C Richard Miles


Brown’s Mill Lasses - Poem by C Richard Miles

Where are you now, you bonny Brown’s mill lasses
Whose nimble fingers tended warp and weft?
For looms now languish, no swift shuttle passes
Cotton threads and hands, which once were deft
Are gnarled with age which once belonged to them
Whose nimble fingers tended warp and weft.
Their sparking clogs clatter no more their anthem
Now eyes grow dim and fingers, once so lithe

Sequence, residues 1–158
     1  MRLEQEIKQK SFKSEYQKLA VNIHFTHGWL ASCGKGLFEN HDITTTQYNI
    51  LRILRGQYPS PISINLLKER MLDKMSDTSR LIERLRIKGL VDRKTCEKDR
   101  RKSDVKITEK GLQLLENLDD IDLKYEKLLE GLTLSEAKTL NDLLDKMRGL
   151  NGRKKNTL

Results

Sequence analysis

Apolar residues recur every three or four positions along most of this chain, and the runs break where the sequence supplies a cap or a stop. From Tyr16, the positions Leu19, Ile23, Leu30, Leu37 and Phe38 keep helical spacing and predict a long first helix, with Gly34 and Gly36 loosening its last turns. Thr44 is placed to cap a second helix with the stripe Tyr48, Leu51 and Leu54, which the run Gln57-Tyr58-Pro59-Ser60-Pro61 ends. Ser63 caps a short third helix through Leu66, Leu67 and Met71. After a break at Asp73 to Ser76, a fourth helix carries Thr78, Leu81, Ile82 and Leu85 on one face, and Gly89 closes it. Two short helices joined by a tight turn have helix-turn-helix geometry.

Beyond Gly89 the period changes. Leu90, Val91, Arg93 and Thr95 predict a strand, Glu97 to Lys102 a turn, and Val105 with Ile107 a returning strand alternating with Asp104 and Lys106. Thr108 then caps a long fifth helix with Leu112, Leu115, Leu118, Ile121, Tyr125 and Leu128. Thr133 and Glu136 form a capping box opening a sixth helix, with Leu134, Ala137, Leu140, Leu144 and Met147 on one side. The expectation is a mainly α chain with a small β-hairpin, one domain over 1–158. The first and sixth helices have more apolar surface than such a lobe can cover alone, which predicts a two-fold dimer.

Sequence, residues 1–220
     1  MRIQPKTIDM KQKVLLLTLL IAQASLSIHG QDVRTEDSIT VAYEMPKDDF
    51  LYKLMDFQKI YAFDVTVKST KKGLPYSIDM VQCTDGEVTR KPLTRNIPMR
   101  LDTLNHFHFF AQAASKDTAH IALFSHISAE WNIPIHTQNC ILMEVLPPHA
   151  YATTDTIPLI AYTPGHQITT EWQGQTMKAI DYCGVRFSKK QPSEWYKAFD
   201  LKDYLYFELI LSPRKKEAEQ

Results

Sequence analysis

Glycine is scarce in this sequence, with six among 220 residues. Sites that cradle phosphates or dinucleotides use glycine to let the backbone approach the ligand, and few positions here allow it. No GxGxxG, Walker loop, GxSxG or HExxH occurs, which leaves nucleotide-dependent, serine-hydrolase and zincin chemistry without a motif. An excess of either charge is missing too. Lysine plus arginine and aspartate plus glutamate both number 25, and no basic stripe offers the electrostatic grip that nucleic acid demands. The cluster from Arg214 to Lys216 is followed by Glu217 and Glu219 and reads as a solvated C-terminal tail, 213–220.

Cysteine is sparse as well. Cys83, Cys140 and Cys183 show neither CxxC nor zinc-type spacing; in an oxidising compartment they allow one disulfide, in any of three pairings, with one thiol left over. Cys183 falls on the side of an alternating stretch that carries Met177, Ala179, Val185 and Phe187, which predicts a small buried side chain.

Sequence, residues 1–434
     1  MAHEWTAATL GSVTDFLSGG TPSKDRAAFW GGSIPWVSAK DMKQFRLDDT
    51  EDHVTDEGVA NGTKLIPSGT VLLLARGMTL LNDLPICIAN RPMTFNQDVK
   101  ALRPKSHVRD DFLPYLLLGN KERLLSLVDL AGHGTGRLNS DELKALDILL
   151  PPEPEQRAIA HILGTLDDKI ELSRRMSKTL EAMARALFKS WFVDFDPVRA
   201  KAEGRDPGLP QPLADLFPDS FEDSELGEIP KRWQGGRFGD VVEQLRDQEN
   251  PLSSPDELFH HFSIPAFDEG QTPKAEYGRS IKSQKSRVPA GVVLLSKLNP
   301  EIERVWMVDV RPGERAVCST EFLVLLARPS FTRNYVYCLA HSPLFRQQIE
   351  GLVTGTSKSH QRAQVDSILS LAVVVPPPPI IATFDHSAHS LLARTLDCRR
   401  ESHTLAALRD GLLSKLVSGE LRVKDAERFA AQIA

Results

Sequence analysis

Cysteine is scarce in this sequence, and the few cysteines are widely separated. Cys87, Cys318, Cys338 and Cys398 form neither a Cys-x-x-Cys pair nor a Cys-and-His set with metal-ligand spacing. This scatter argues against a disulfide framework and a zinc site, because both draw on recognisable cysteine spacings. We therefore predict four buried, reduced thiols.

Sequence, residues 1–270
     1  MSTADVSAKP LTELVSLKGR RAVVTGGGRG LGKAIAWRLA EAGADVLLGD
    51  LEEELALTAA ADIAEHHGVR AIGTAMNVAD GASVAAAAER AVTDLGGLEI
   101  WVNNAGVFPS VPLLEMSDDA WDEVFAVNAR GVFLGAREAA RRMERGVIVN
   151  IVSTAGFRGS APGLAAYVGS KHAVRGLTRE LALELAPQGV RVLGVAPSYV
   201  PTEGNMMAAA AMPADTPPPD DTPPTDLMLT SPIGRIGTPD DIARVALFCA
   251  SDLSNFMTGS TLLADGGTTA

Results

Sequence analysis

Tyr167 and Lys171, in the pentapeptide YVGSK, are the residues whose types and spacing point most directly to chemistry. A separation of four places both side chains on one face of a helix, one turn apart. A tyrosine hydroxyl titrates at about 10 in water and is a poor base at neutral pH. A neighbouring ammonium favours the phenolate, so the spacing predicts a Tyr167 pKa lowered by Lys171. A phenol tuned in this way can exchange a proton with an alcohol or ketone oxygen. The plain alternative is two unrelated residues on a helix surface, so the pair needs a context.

Are gnarled with age which once belonged to them.
They once were sprightly, red-cheeked, blithe
But youth has left, yet useful skills remain
Now eyes grow dim and fingers, once so lithe
Struggle to open cans and ache with pain.
Though hearing fails, they still make out the tune
But youth has left, yet useful skills remain.
For noise forced them to lip-read ’cross the room.
They listen as I call, though swift time passes
Though hearing fails, they still make out the tune,
“Where are you now, you bonny Brown’s mill lasses.”

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Poem Submitted: Wednesday, January 28, 2009

Poem Edited: Tuesday, February 3, 2009


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